The world's standard definition of the kilogramme, the ampere, the kelvin and the mole has been changed, after representatives from 60 countries voted to redefine the International System of Units (SI) for weight, current, temperature and amount of chemical substance.
The definition of the kilogramme for more than 130 years, the International Prototype of the Kilogram (IPK), a cylinder of a platinum alloy stored at the International Bureau of Weights and Measures (BIPM) in France, will now be retired.
It will be replaced by the Planck constant -- the fundamental constant of quantum physics.
While the stability of the IPK could only be confirmed by comparisons with identical copies, a difficult and potentially inaccurate process, the Planck constant is ready for use everywhere and always.
The decision, made at the General Conference on Weights and Measures in Versailles, France, which is organised by BIPM, means that all SI units will now be defined in terms of constants that describe the natural world. This will assure the future stability of the SI and open the opportunity for the use of new technologies, including quantum technologies, to implement the definitions.
The changes, which will come into force on May 20 next year, will bring an end to the use of physical objects to define measurement units.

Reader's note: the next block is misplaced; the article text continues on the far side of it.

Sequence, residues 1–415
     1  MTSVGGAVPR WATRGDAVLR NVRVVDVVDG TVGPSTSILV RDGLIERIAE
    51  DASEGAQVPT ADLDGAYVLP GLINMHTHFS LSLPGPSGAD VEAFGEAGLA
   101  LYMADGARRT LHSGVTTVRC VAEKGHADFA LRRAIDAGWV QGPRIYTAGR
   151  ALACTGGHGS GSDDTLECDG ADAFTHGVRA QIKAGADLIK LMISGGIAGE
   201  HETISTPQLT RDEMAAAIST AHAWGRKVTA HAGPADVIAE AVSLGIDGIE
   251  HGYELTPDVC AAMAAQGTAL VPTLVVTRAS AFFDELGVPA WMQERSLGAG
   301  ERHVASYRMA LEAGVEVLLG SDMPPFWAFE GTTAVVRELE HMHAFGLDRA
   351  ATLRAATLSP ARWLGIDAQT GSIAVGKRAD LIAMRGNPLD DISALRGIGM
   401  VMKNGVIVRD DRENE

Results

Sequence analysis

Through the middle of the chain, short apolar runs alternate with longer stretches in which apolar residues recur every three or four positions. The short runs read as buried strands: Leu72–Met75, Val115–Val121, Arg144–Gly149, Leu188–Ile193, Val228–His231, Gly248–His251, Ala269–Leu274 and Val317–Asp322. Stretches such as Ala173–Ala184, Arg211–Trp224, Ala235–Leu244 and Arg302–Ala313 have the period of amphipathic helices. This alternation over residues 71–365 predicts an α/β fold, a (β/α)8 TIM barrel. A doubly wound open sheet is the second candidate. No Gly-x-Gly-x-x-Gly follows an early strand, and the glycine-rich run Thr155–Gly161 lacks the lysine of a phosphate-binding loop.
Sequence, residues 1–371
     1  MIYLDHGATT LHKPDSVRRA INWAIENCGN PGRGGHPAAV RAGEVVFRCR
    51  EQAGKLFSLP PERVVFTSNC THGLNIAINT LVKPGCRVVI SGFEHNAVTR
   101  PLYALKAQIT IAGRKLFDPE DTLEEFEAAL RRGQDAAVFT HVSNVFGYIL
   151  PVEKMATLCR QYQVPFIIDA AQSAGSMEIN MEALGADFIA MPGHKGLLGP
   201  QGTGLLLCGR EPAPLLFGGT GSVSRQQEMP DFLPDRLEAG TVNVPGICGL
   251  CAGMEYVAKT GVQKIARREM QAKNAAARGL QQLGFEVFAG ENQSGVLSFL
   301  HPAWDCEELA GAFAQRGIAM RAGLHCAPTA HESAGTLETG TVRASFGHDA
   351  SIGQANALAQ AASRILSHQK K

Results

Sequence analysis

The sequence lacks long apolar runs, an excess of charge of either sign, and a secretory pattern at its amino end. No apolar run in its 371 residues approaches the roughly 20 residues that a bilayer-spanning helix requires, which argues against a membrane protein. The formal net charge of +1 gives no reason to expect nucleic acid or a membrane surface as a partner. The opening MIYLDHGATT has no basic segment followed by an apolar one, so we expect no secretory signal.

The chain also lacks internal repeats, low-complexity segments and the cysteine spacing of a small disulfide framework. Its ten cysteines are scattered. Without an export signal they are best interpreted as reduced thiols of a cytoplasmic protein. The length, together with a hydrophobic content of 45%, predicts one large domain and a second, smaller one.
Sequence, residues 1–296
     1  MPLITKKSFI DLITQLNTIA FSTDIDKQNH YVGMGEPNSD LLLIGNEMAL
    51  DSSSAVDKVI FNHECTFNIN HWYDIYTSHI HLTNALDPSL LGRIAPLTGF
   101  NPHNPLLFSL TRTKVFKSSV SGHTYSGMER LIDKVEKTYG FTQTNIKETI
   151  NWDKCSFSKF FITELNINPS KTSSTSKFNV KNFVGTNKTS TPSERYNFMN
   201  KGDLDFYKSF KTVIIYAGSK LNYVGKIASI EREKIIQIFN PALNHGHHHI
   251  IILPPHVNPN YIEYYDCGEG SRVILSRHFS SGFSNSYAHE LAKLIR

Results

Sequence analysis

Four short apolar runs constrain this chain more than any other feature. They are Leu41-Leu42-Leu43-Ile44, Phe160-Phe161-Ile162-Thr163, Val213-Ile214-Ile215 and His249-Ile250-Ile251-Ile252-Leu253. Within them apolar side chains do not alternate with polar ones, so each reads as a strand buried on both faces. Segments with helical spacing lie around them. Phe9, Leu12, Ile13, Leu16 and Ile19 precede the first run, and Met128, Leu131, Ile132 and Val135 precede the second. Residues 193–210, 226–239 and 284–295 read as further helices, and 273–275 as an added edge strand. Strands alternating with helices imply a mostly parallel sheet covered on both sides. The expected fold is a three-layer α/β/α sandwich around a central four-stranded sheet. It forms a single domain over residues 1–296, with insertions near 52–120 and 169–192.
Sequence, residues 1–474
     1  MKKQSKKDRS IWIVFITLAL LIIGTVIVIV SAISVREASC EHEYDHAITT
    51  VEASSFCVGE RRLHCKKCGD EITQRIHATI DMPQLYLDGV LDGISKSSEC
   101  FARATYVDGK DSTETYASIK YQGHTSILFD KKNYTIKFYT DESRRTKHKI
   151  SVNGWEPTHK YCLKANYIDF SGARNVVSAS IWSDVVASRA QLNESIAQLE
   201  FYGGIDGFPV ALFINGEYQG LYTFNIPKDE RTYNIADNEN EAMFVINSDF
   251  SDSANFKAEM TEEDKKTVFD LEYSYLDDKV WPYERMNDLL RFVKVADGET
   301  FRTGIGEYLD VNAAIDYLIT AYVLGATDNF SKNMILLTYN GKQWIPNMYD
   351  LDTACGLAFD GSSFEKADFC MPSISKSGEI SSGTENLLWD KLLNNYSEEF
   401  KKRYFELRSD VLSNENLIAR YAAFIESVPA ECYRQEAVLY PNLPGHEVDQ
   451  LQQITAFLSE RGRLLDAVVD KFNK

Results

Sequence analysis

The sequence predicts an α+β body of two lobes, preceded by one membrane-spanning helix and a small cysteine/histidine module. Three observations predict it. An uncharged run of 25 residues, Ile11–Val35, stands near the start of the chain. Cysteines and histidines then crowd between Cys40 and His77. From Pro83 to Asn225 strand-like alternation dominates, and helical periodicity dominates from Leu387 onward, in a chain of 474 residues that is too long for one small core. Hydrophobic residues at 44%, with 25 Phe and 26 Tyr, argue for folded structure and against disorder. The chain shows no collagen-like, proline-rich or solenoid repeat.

"The SI redefinition is a landmark moment in scientific progress," said Martin Milton, Director, International Bureau of Weights and Measures (BIPM).
"Using the fundamental constants we observe in nature as a foundation for important concepts, such as mass and time, means that we have a stable foundation from which to advance our scientific understanding, develop new technologies and address some of society's greatest challenges," said Milton.
"Today marks the culmination of decades of work by measurement scientists around the world, the significance of which is immense," said Barry Inglis, Director of the International Committee for Weights and Measures.
"We will now no longer be bound by the limitations of objects in our measurement of the world, but have universality accessible units that can pave the way to even greater accuracy, and even accelerate scientific advancement," said Inglis.
The new definitions impact four of the seven base units of the SI: the kilogram, ampere, kelvin and mole; and all units derived from them, such as the volt, ohm and joule.
Although the size of these units will not change, the four redefined units will join the second, the metre and the candela to ensure that the set of SI base units will continue to be both stable and useful.